Indie comic book creators don't get much more revered than Adrian Tomine, whose comic, Optic Nerve, has been a staple of the hipster literati for over a decade. Now, three especially emo issues of Optic Nerve have been collected in Shortcomings, a beautifully designed graphic novel about (surprise!) shortcomings.
Tomine's protagonist is Ben Tanaka, a directionless, oblivious 29-year-old Japanese American. Living an underwhelming life in Berkeley, Ben halfheartedly manages a movie theater, whines to his best friend Alice, and is a flippant, indifferent dick to his well-meaning girlfriend, Miko.
Ben is almost entirely unlikable, but—if only because we're stuck with him for 108 pages—a strange bit of sympathy develops. (The jagoff's most notable character trait is unhappiness, which on a sheer pity level, is bound to stretch the heartstrings a little.) It's not that Ben is unaware of his failings, it's that he sees no reason to fix them: When Alice asks if he's ever felt discriminated against, he answers, "Of course! But not because I was Asian. It was because I was a nerd with a bad personality and no social skills!"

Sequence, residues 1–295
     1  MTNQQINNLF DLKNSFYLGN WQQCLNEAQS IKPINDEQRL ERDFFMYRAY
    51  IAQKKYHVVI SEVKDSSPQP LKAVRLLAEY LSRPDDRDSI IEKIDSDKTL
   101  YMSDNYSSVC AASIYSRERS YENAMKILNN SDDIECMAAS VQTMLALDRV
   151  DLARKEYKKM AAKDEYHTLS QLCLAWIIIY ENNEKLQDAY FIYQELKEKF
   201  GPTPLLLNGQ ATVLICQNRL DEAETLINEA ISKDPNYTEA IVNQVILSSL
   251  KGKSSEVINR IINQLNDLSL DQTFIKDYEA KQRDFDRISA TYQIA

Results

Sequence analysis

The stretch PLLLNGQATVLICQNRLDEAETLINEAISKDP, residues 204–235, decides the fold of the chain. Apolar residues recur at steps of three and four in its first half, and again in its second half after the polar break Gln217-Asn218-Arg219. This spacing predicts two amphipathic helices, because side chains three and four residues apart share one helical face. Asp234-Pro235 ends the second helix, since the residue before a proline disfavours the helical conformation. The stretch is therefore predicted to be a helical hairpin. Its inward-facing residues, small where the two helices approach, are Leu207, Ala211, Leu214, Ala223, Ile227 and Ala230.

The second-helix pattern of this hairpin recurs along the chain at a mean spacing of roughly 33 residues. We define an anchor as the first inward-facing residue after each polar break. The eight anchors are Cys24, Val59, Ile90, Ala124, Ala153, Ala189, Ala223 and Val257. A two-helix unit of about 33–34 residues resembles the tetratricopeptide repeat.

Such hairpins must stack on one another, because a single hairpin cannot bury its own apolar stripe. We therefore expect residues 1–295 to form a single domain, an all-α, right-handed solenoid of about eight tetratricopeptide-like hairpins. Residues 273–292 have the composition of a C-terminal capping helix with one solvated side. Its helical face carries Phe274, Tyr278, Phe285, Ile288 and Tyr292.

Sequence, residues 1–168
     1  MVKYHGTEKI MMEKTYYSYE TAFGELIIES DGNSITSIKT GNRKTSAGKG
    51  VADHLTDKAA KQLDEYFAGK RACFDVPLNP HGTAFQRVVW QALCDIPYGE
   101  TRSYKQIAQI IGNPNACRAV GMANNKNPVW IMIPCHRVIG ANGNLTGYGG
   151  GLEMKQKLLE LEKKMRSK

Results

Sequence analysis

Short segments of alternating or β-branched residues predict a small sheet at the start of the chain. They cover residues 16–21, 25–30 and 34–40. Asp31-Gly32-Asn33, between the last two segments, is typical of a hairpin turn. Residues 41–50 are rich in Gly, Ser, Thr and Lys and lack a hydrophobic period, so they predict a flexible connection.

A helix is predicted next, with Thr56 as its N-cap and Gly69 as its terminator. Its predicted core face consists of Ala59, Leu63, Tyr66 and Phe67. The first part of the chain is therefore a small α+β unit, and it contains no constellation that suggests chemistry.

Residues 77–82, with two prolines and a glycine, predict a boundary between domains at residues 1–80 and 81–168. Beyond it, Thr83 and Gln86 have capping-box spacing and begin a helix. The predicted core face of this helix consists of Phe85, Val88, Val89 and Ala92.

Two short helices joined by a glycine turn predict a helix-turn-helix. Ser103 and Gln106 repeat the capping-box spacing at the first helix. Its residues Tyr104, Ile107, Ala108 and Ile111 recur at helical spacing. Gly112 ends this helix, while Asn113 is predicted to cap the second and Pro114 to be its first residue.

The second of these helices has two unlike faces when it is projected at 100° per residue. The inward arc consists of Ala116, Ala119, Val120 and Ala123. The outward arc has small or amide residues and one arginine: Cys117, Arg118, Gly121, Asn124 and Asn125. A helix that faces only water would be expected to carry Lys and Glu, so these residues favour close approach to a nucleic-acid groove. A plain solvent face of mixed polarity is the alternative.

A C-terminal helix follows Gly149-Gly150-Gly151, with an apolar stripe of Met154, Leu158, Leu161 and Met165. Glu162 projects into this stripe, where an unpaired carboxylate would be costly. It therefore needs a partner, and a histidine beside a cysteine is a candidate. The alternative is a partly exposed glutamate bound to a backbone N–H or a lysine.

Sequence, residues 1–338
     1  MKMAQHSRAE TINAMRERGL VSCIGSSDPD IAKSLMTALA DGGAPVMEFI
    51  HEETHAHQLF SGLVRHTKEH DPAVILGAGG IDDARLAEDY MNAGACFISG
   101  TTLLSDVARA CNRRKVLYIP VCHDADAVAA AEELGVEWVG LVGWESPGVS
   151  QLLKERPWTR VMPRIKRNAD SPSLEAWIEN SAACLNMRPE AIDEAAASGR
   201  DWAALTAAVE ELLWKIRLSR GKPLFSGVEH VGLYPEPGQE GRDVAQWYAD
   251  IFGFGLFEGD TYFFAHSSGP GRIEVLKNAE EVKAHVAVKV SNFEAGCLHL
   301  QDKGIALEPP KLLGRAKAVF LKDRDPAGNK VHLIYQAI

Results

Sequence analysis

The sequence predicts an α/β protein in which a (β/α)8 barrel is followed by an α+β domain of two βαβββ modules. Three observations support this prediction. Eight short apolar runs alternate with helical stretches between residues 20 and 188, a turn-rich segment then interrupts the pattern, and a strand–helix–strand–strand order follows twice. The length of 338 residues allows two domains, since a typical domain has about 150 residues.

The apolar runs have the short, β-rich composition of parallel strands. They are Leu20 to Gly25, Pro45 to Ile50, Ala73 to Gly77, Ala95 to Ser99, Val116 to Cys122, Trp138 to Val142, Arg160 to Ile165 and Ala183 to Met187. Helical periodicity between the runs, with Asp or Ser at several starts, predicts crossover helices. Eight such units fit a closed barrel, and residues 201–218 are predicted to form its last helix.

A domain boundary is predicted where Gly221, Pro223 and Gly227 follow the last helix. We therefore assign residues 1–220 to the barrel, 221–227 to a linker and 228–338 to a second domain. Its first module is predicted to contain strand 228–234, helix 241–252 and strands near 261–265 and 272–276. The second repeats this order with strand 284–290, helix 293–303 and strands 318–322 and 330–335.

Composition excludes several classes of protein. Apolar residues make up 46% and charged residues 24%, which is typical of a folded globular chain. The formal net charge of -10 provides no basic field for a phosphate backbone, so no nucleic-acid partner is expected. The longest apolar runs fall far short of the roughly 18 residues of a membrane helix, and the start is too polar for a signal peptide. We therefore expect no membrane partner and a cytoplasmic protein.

When Miko predictably leaves Ben to move to New York, he's sent into a vague sort of crisis: Cut loose, he attempts to break out of his self-made mold by going to parties with Alice, hitting on one of his annoyingly artsy, too-young coworkers, and also pursuing a maybe-lesbian grad student. (It's worth noting that both of Ben's crushes—unlike Miko—are white and blonde.) It's in the awkward details of Ben's selfish little life that Tomine succeeds the most: It's strangely involving to watch Ben, out of his element at a party, struggle with whether a beer cap is a twist-off, or to see one of his conquests decline his kiss with a shameless lie ("Um... I'm just not really into kissing. You know... germs"). Eventually trekking to New York to discover why Miko won't return his calls, Ben is grudgingly forced to confront not only Miko, but himself.
Throughout the sometimes cruel, sometimes funny Shortcomings, Tomine forces us to identify with Ben—and, if only by association, forgive or at least tolerate his faults. Along the way, through his graceful art and insightful writing, he also makes us admit to our own.